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Bread Rules.

January 26, 2010

Croissants made at Le Cordon Bleu, Paris, June 2009

If there is one food I am most in love with, it is bread. If I had to live on just one food, it would be bread. If I could only learn how to make just one thing well, it would be bread.  I have not been happier than when my brother Tyler and I were taking bread making lessons last June at Le Cordon Bleu in Paris for a week.  I think I could eat freshly baked bread for three meals a day, and never complain.  (Unfortunately, bread is directly connected to weight gain, it’s only fault).

Bread we made in one day at Le Cordon Bleu

The most vivid memory I have of my great grandparents, Paul and Mary, is in the 1960’s, when they were over 85 years old, and I was about 4, my brother Tyler, 3. We visited them on their apple farm, and these two ancient people, related to me in some way I could not comprehend at the time, were sitting at their kitchen table, excitedly speaking in a foreign language and cutting into a big loaf of crusty bread. The house smelled wonderful, with the aroma of freshly baked bread wafting through the farmhouse, and bread crumbs littered the kitchen table and covered their lips.  Their eyes lit up at the sight of my brother and me, and we had to wipe the bread crumbs off when they gave us suffocating hugs and covered our faces with kisses.

Visiting Paul and Mary, circa 1967

Paul and Mary had a love affair with bread too, I think.  There was their first bakery, in Akron, Ohio, and then another soon after moving back to Soljani, which Mary ran while Paul was fighting in WWI. Later, there would be more bakeries for them too, and stories of Paul’s famous kifle, a Slovak croissant.  And of course, there are my memories of them always eating their own delicious homemade bread.

Paul’s teenage son is delivering bread by bicycle in the 1930’s.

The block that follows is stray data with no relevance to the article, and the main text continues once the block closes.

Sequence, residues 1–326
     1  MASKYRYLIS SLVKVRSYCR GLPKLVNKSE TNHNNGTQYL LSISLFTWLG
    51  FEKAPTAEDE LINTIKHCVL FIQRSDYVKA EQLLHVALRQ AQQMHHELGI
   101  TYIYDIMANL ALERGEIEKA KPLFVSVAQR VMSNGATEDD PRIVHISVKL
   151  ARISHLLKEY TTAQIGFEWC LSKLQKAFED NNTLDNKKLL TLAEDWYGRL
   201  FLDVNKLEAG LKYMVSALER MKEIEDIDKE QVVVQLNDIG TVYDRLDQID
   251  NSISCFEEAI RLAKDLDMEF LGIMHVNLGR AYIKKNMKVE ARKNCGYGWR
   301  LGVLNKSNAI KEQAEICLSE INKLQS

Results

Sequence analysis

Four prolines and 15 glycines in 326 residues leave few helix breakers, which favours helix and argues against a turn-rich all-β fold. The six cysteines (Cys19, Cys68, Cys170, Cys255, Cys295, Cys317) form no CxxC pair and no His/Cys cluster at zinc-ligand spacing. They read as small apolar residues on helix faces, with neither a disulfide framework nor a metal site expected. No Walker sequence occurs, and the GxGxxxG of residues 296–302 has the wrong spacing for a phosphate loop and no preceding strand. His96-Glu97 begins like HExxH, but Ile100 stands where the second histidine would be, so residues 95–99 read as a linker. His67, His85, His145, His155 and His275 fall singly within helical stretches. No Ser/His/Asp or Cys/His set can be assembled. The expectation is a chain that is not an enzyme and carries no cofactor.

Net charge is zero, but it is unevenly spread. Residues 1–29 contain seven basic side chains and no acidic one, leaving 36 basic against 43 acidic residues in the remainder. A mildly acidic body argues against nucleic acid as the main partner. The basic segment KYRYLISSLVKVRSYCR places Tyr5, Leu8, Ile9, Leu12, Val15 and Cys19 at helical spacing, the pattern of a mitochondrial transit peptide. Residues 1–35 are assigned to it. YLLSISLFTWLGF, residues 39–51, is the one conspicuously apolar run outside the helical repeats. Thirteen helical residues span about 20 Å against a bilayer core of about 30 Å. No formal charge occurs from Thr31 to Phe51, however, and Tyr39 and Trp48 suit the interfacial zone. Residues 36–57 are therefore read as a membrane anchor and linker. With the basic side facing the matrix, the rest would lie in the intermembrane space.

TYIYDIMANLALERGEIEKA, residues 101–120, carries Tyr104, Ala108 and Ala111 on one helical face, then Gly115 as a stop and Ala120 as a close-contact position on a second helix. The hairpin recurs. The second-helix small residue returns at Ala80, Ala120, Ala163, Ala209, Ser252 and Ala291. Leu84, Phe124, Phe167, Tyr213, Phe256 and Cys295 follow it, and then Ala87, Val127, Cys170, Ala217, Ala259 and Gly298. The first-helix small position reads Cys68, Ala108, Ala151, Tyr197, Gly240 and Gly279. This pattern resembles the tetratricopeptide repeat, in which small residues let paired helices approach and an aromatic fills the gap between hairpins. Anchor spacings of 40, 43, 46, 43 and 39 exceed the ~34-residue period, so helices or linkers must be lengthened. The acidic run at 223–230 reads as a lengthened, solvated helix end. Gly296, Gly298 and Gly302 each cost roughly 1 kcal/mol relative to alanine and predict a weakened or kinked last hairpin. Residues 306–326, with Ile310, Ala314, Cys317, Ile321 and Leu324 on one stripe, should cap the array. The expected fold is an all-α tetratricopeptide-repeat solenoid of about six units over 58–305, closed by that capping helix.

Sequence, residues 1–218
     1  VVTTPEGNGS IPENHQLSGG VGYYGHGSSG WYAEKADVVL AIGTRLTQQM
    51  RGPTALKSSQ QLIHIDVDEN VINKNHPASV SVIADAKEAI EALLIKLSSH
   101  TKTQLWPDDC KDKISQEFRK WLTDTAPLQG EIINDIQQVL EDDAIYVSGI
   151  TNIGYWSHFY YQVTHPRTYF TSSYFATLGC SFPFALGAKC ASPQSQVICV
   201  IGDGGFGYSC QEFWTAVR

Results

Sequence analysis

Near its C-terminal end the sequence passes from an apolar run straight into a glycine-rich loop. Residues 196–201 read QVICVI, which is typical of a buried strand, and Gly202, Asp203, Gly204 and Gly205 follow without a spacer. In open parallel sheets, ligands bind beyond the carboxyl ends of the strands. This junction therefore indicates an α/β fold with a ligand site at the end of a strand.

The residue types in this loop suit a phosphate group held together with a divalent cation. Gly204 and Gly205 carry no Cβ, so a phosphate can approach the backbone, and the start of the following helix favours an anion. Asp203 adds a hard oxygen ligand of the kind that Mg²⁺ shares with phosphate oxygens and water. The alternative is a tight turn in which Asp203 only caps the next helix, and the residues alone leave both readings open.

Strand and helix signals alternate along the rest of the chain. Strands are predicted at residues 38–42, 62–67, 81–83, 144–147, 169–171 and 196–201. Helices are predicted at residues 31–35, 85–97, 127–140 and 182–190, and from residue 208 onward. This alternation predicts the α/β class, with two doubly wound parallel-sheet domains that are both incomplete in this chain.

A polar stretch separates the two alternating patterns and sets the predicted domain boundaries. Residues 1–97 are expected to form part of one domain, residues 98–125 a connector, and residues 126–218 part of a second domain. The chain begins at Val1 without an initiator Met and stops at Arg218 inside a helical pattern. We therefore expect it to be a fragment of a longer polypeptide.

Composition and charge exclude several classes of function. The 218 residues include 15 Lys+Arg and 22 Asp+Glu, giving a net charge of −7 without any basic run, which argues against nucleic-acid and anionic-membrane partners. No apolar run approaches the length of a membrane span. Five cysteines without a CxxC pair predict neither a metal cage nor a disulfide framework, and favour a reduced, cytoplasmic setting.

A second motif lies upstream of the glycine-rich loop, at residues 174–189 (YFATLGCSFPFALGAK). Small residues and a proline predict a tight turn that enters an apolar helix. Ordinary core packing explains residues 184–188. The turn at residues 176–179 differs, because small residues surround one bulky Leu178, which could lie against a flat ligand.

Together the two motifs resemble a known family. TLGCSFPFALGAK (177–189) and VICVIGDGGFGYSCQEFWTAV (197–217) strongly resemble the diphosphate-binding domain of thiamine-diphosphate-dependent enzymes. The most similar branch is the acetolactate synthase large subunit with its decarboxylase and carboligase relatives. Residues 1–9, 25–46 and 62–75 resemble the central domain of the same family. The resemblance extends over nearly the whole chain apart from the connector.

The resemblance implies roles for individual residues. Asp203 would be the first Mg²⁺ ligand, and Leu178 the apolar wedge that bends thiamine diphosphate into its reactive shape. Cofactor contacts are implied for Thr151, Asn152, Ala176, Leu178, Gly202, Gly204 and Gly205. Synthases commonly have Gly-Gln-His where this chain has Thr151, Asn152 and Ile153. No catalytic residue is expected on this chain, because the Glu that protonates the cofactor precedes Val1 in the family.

As I learned more about the Legion, I became curious about their lives on the trains in Siberia.  Various stories are told about how industrious they were, running woodworking shops, a postal service, a newspaper, and yes, even a rolling bakery.  Some creative Slovaks had jiggered together bakeries on boxcars of some of the trains, and there in one picture out of an old book, I was sure I was looking at Great Grandpa Paul with a pastry brush in his hand brushing freshly baked loaves of bread with butter, perhaps.

Rolling Bakery, Czechoslovak Legion, Trans Siberian Railway, 1918

This baker had the same thick, black handlebar mustache and seemed to have similar facial features as Paul.  I mean, how many Slovak bread bakers could there have been, riding the Legion trains?  Paul was an expert at setting up bakeries quickly and efficiently, and I am sure he could have had several boxcars up and running in no time as moving bakeries.

The Baker, and Paul the Baker, both in the Legion

And so as I read more about how the brave volunteer Legionnaires successfully fought against the Germans, the Russians and the Austro-Hungarians, what satisfies me deeply is the belief that what helped sustain these men through Siberian winters and harsh battles was a delicious piece of bread, baked fresh daily by my great grandfather Paul and his unit.  Bread rules.

Boxcar Bakers, Czechoslovak Legion, Trans Siberian Railway, 1918

Rolling Bakery pictures are from the website.

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